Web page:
In English, many things are named after a particular country – but have you ever wondered what those things are called in those countries?
- ‘Think of it as thermoplastic rubber that is recyclable and processes like plastic,’ he says.
- It is a thermoplastic material which gets softer with heating and hardens when cooled.
- Made of a gelatinous thermoplastic material, the product acts like a solid adhesive and will not dry out.
- A couple of companies introduced new lines of thermoplastic materials suited for medical applications.
- Hot-bar and impulse welding processes are commonly used in the packaging industry to seal plastic bags and join thermoplastic films of 0.5 mm or less.
- Manufacturers can currently choose from either thermoset plastics or thermoplastics.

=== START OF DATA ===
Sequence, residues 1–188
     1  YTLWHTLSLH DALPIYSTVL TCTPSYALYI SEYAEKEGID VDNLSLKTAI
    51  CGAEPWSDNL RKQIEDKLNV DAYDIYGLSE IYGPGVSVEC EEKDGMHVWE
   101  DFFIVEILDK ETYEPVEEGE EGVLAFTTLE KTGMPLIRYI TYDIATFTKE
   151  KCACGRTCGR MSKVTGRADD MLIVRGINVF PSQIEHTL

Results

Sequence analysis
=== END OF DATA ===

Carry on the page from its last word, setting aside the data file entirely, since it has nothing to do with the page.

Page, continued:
- There are three classes of polymers - thermoplastics, thermosets, and elastomers.
- Many of these are used as thermoplastics that are shaped and processed by means of injection molding and extrusion.
- Independent custom molders, who made marketable parts and products, experimented in the 1930s with injection molding of thermoplastics, which eventually almost replaced compression molding of thermoset resins.
- Other scientists made various plaster derivatives, artificial silks, and thermoplastics.
English has borrowed many of the following foreign expressions of parting, so you’ve probably encountered some of these ways to say goodbye in other languages.
Many words formed by the addition of the suffix –ster are now obsolete - which ones are due a resurgence?
As their breed names often attest, dogs are a truly international bunch. Let’s take a look at 12 different dog breed names and their backstories.